Nov 9, 2013 at 9:06 am #1309638
@rosyfinchLocale: the mountains
This article hits a nice note for me.
Bill DNov 9, 2013 at 10:44 am #2042812
Nice article Bill, thanks.
I'm out the door to get a dose of indifference right now.Nov 9, 2013 at 11:37 am #2042826
@davidinkenaiLocale: North Woods. Far North.
I'm 25 days away from some Aleutian Island indifference myself. But who's counting?Nov 9, 2013 at 12:18 pm #2042830
@dwambaughLocale: Pacific Northwest
Thanks for sharing that Bob.
It is part of a subject I have kicked around for years: as population has increased, along with suburban sprawl and development of "recreation property," logging and other tapping of natural resources, we have come to find ourselves with no frontiers or truly wild wilderness regions. Yet we still have that assumption that there are infinite resources at hand. We made the transition from islands of civilization in seas of wilderness to the opposite over a hundred years ago, but I think we have that old assumption in mind when thinking about the natural world.
In the continental US, with the demands on wild areas, I think we are close to the European hiking conventions with small islands of untouched lands with huts and a different mindset about foot travel.
When I learned about the camping regulations on the AT I was surprised, but I'm used to the western lands. The tightly regulated permit systems for areas in Washington like Mt. Rainier NP and the Enchantments will become more the norm throughout the continental wild areas as the population increases. That is not to say that the permit systems are wrong, indeed they are the only way to save these areas from overuse, but it will impact the way we think about wilderness recreation.
To give my personal experience, when I was born in 1954, the population of Washington state was about 2.5 million and is now 6.8 million and growing. Not only did those people need a place to live, they needed a place to play, and they aren't all hikers: there are hunters, ATV riders, equestrians, snowmobilers, and 4WD folk all vying for the same resources, along with logging and mineral resource industries and energy producers (read dams). Add a good dose of some annoying air traffic.
If you look at a map of Washington, you will see the Cascades sliced up like a sheet cake with highways and rail lines, and the edges laced with expanding suburban towns. The Olympics are on a peninsula and a natural wilderness "island" with similar lacework on the edges. We would like to think of the Cascades as a continuous expanse of wilderness, but the reality is a patchwork of multi-use National Forests peppered with designated wilderness areas and National Parks.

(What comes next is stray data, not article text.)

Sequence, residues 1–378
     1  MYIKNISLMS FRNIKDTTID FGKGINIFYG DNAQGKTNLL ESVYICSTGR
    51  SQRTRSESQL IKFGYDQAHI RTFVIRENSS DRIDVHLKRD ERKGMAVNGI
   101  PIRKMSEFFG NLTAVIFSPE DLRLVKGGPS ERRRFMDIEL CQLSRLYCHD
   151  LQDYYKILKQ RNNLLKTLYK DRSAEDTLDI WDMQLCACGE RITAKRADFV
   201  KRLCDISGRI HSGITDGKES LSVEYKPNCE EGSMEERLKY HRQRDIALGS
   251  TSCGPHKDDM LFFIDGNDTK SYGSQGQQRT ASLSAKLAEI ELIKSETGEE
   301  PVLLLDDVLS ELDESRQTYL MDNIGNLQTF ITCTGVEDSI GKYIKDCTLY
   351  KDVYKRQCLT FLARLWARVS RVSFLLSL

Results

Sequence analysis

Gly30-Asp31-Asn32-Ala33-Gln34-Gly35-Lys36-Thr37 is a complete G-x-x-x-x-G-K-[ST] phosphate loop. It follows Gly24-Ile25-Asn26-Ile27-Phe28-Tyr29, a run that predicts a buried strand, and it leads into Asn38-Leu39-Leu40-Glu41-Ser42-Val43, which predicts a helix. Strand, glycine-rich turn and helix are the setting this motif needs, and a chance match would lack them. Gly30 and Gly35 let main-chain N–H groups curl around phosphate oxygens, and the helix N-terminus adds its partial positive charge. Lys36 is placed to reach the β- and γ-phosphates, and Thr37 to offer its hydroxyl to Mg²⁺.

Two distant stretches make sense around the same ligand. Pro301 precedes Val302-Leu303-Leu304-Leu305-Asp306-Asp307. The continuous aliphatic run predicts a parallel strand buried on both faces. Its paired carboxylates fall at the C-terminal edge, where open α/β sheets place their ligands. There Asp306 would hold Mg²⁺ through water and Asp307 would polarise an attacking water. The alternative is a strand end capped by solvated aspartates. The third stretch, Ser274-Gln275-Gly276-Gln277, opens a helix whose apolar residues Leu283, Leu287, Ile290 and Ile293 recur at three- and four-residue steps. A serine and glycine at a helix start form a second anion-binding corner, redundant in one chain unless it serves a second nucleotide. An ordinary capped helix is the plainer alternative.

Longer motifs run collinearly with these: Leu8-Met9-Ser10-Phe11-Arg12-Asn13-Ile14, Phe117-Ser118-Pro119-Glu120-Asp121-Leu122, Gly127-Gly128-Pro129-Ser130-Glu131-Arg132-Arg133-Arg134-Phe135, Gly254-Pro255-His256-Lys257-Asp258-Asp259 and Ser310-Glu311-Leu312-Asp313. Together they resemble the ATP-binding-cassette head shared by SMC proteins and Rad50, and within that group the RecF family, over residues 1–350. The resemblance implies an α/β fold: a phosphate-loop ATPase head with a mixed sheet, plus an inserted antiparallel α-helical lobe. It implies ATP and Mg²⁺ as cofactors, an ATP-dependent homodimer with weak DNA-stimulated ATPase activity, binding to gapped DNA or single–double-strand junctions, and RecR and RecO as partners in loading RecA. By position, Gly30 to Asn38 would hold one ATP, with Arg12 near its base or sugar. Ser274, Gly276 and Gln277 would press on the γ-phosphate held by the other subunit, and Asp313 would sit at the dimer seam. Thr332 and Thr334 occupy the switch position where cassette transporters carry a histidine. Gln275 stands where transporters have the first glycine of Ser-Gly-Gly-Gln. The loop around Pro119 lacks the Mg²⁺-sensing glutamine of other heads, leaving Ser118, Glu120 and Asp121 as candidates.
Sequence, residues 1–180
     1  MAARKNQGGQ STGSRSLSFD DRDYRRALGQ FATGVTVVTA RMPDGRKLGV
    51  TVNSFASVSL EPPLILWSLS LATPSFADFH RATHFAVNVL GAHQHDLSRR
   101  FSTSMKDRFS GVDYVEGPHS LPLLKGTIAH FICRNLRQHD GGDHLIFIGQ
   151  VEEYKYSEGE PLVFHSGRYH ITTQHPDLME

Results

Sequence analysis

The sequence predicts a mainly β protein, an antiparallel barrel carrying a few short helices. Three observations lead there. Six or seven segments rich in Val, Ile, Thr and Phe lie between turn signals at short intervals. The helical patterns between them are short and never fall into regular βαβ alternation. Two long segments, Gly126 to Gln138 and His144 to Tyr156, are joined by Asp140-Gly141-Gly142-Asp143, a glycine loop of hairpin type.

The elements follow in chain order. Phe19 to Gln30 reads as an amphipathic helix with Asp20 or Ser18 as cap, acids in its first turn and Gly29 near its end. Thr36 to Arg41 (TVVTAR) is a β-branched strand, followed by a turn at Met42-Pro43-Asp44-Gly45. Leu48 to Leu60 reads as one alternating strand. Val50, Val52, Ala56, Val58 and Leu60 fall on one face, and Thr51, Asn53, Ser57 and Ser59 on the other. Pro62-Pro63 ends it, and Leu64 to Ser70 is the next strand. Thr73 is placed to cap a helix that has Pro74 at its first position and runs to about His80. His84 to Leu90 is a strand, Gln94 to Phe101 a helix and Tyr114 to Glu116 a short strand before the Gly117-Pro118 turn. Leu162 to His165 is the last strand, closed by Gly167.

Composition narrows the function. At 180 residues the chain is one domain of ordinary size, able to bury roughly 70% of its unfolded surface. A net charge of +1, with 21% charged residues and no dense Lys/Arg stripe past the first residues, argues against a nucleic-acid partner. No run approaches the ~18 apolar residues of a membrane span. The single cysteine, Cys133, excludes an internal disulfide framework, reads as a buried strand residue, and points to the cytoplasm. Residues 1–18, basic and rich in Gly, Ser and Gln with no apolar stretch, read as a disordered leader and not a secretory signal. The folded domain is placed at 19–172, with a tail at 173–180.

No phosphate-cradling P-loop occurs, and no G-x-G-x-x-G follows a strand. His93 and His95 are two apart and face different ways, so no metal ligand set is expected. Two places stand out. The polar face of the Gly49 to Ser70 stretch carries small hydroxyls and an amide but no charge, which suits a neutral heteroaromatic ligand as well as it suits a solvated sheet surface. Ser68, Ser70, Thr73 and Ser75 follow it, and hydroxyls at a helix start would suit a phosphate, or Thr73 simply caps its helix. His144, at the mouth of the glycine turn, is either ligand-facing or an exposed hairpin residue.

It is a tricky mindset. You can stand In a skyscraper in downtown Seattle and look straight into the Olympics and Cascades with bookends of stratovolcanoes and watch eagles and falcons soaring between the towers. It is what I call the Wilderness Tease. The flip side of that is you will climb one of those mountains through cool quiet forests to be confronted with a view of the towers and suburbs with a brown ring of polluted air. There are wild areas, but little true remoteness and certainly no frontiers.Nov 10, 2013 at 12:59 pm #2043063
Thanks for the article link.
I live in the Southeastern US where there is no "remoteness" and yet I have spent weeks out at a time in solitude. There are vast National Forests in NC and VA and TN where you are guaranteed solitude, even on established trails. And if you want to bushwack, well, you will be all alone in wild country.
Beyond this, here's a tip for those seeking seclusion: Pick the wildest winter blizzard and get your gear squared and pack about 10 days worth of food and hit the woods. Nobody in the East goes backpacking during a January blizzard at -10F. It's all yours.
My biggest peeve is the nonstop jet traffic overhead which pollutes the air with noise. Is it just as bad in the West? I foresee a day in the near future when all Americans will have individual flying cars and no place will be wild.Nov 10, 2013 at 1:45 pm #2043074
@wildtownerLocale: Grand Canyon State
Unfortunately, many of the most remote areas of Grand Canyon are right below heavily-used flight paths! One of my backpacking buddies is an airplane aficionado, though, so for her, it's an advantage (not so much for me…).Nov 10, 2013 at 7:42 pm #2043189
Valerie—I also hear the Grand Canyon has/or used to have around 55,000 tourist helicopter flights a year. Some efforts may have been made to curtail this madness.Nov 10, 2013 at 9:56 pm #2043219
@rexLocale: Central California Coast
A while back (late 1990s?) NPS tackled the noise problems created by increasing aircraft traffic over the Grand Canyon. After several years of intense negotiations (and maybe lawsuits), they compromised by creating flight corridors over the Grand Canyon, and putting caps on some flights.
Bottom line: Some areas got quieter, some got noisier, but you could find some peace and quiet in parts of the Grand Canyon.